Wednesday, February 18, 2009

Professor Shuns Plagiarism Police Role

In her new book, My Word! Plagiarism and College Culture, University of Notre Dame anthropologist Susan D. Blum promotes a proactive academic integrity appeal to students that encourages recognizing originality and distinguishing between levels of plagiarism (It’s Culture, Not Morality, Inside Higher Ed, February 3, 2009). With a greater emphasis on collaboration and a "entirely different concept of ownership," today's students need more education on what is acceptable when using the work of others in assignments rather than a heavy emphasis on the penalties for plagiarism. Also, constructing assignments to minimize the opportunity for plagiarism is an important academic integrity tool for professors.

Discussion Questions:
  1. Do most professors assume that students know what academic integrity means by the time they reach college?
  2. How much do professors explain acceptable practices when students work on assignments?
  3. Do you think most professors agree that it's a good idea for students to work together on projects?
  4. Is all plagiarism equally bad? Or is forgetting to cite a source worse than copying a paragraph from a book and not putting quotes around it?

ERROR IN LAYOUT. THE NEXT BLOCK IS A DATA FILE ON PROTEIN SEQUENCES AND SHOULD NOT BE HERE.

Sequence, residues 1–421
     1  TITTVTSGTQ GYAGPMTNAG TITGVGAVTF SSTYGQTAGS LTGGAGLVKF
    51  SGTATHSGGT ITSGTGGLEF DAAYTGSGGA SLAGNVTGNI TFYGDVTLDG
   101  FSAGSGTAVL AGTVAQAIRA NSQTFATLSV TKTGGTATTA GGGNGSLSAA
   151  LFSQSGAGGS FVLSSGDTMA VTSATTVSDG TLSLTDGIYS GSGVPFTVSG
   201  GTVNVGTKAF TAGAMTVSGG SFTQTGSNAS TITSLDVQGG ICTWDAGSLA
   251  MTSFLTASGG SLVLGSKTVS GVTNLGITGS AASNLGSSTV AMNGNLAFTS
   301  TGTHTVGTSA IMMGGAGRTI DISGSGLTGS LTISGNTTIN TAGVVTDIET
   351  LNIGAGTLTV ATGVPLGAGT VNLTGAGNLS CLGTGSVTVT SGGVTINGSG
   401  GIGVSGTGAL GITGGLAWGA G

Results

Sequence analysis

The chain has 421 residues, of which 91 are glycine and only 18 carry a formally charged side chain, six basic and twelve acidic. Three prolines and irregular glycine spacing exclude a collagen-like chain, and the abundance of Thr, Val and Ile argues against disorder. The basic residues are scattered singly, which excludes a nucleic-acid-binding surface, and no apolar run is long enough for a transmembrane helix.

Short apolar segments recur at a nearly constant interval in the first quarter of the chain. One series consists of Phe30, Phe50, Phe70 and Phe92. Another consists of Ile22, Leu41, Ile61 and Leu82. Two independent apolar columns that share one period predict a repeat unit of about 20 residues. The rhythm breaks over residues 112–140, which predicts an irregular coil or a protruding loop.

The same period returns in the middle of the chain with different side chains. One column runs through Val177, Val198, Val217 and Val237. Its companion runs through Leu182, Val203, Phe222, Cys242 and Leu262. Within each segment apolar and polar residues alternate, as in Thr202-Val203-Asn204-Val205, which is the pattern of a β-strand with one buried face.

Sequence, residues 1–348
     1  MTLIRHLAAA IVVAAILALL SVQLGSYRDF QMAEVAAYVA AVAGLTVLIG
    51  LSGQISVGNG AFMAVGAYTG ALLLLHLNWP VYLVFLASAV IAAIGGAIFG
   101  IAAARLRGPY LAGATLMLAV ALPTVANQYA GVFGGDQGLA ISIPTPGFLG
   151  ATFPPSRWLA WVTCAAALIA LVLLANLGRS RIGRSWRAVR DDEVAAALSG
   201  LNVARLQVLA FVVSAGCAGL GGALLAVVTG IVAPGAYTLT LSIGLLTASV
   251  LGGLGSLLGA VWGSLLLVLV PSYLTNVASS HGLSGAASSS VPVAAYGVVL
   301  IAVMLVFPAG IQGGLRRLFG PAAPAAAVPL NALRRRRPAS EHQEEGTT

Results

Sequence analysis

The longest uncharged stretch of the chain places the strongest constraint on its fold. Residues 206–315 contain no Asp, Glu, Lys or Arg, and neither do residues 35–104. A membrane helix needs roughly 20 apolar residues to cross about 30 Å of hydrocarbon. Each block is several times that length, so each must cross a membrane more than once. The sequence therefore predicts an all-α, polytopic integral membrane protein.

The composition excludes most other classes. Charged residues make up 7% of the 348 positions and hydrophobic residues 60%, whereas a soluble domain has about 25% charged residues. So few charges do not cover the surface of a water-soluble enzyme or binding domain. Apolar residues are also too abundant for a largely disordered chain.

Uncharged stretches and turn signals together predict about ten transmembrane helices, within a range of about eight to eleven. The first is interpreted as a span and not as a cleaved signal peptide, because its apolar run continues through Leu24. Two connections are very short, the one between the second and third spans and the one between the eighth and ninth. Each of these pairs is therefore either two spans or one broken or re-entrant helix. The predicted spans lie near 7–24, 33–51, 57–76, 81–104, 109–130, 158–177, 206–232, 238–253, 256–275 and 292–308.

Company Put Profits over Safety in Tainted Peanut Scandal

Allegations that the Peanut Corporation of America (PCA) willfully sold salmonella-contaminated peanuts that caused at least nine deaths and made over 600 people ill in 43 states continues to rock the entire food industry (Salmonella Outbreak Eases Way for Food Safety Reforms, Baltimore Sun, February 15, 2009). The U.S. Food and Drug Administration (FDA) notes that PCA owner, Stewart Parnell disregarded "at least 12 tests revealing salmonella in 2007 and 2008" and persisted in distributing peanut products in a quest to increase profits. A criminal investigation is underway into PCA's actions.

In the wake of this tragedy, food safety advocates are calling for reform of the FDA with one Connecticut congressperson calling for a new agency, Food Safety Administration to work proactively to prevent food contamination. Rep. Rosa DeLauro sponsored legislation for the Food Safety Modernization Act to mandate that "companies control health hazards in their operations and meet federal standards for removing contaminants and be subject to regular inspections, based on the "risk profile" of the food they produce." Also, the act would give government the ability to "seize unsafe products and order recalls."

Discussion Questions:
  1. Why would a company risk lives by distributing unsafe products? Are companies so desperate to make money in a downturned economy that they would do anything to increase profits? Didn't someone realize that continuing to distribute these dangerous products would ultimately cause the downfall of the company and related businesses?
  2. Despite additional government inspections and regulations, the consumer still must depend on the food industry to act responsibly and follow safe practices when processing their products. How can the food industry ensure that companies employ best practices when processing food?
  3. After reading this article from the Baltimore Sun, what other practices or regulations would you recommend to improve food safety?